A limited number of socially distanced fans watch a spring training game between the Philadelphia Phillies and the Detroit Tigers on Sunday in Clearwater, Fla. Gene J. Puskar/Associated Press

NEW YORK — Card games, car pools and eating at restaurants may be back in the major leagues later this season. Trips to church and sponsor events may return, too.

Mask use would be dropped from dugouts and bullpens, and electronic tracing devices would be eliminated when 85% of major league players and primary field staff are vaccinated. Communal clubhouse video would return before and after games. Pool tables would be restored, along with team saunas.

A three-page memorandum from Major League Baseball and the players’ association sent to players and staff on Monday and obtained by The Associated Press also stated “all players and staff are strongly encouraged to receive one of the approved COVID-19 vaccines when eligible.”

“For purposes of this memo, individuals are considered ‘fully vaccinated’ two weeks after receiving their second dose of a two-dose vaccine (Pfizer or Moderna) or two weeks after their first dose of a single dose vaccine (Johnson & Johnson),” the memo stated.

Not many players have been vaccinated, according to MLB, but it expects the pace to increase after teams return to their home cities from spring training. Opening Day is Thursday.

MLB’s Tier 1 restrictions in place since last summer cover players, managers, coaches, bullpen catchers, team physicians, athletic trainers, physical therapists, and strength and conditioning coaches.


While clubhouse video rules would loosen before and after games, in-game use will remain covered by rules restricting in-game use to MLB-issued iPads with catcher’s signals blocked, regulations put in place in response to the Houston Astros sign-stealing scandal.

Once the 85% threshold is reached, fully vaccinated players and staff would be able to eat and drink on flights. They would be able to gather in indoor spaces such as hotels without masks or social distancing as long as non-vaccinated people aren’t present, and they would be able to carpool or use Uber or Lyft. The relaxation would not apply to gatherings in group facilities at ballparks, such as clubhouses.

Fully vaccinated people who have close contact with someone with COVID-19 would not have to quarantine unless they exhibit systems.

Vaccinated players and staff would have the option to reduce PCR saliva testing to twice weekly, similar to Tier 2 staff, such as front office and clubhouse employees, owners and groundskeepers.

Family members who are fully vaccinated and minor children who are not vaccinated would be able to stay with players and staff in hotel rooms during road trips, though MLB and the union cautioned that the Centers for Disease Control advised not to use commercial travel and to stay home unless necessary. Families also would be able to sit anywhere in ballparks and not be restricted to pods, subject to local laws and policies.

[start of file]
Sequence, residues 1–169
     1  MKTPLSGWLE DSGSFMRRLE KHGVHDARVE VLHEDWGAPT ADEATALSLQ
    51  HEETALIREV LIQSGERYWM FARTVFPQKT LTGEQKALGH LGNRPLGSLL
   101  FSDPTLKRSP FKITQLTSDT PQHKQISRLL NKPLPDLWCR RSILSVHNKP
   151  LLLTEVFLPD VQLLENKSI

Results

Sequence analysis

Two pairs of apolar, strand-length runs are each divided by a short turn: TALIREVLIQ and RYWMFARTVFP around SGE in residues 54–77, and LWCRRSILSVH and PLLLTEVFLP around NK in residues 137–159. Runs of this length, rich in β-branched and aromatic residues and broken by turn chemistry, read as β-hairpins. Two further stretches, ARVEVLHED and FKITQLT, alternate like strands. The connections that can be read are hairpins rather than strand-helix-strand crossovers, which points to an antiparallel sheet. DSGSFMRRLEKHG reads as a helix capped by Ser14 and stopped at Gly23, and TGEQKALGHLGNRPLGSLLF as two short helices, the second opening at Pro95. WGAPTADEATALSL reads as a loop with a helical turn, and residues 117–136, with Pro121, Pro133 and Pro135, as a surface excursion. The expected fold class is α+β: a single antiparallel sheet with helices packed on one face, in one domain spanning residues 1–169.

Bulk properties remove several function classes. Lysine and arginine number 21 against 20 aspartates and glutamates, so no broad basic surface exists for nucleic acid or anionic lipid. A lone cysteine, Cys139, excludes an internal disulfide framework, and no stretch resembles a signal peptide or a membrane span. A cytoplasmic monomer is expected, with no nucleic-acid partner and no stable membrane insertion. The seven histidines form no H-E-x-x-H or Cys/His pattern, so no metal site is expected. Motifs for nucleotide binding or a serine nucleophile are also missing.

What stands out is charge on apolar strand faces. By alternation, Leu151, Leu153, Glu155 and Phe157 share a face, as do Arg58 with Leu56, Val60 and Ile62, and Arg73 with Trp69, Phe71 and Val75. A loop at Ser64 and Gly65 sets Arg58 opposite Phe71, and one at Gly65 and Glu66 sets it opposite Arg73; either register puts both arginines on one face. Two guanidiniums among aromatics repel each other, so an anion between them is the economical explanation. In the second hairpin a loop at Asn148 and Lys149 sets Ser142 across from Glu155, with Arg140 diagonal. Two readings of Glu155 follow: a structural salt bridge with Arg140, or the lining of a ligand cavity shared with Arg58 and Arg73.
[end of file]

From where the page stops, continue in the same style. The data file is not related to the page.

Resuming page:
Players and staff would be able to meet outdoors with anyone on road trips, eliminating the restriction limiting them to household and family.


They also would no longer be required to let club compliance officers know when they are leaving team hotels, and they would be allowed to stay at personal homes on road trips without a need for family quarantines or testing.

While attending religious services would be allowed, attending outdoor services would be encouraged.

CARDINALS: St. Louis plans to start the season Thursday in Cincinnati with pitchers Kwang Hyun Kim, Dakota Hudson and Miles Mikolas on the injured list, along with outfielder Harrison Bader.

Hudson always planned to begin the season on the injured list as he recovers from Tommy John surgery. Kim is dealing with a back injury, Mikolas has a sore shoulder, and Bader has a strained right foreman that could keep him out for a month, the Cardinals said.

CUBS: Anthony Rizzo is cutting off talks about a new contract as free agency looms after the World Series.

The first baseman is finishing a nine-year contract this season and has a $16.5 million salary. He set a deadline of opening day for a new agreement.


TWINS: Minnesota signed right-hander Randy Dobnak to a $9.25 million, five-year contract that includes three club options to extend and increase the deal with the overachieving former ride-share driver.

The bespectacled, mustachioed 26-year-old became a cult hero after his major league debut in 2019, when he wound up starting a postseason game at Yankee Stadium. Dobnak went undrafted out of an NCAA Division II program, Alderson Broaddus University in West Virginia, and was pitching in an obscure independent league in Michigan when the Twins discovered him. To make ends meet along his way up the ladder, Dobnak was an Uber driver during his spare time.

RANGERS: Rougned Odor, the Rangers’ starting second baseman the past seven seasons, has been told he won’t be on the Opening Day roster after switching to third base this spring.

The 27-year-old infielder has two more seasons and $24.6 million left on a six-year contract, plus a $3 million buyout for a $13.5 million team option in 2023.

BREWERS: Reliever Justin Topa has a flexor strain in his right elbow and will miss at least half the season, another setback for the right-hander who’s had two Tommy John reconstructive surgeries.

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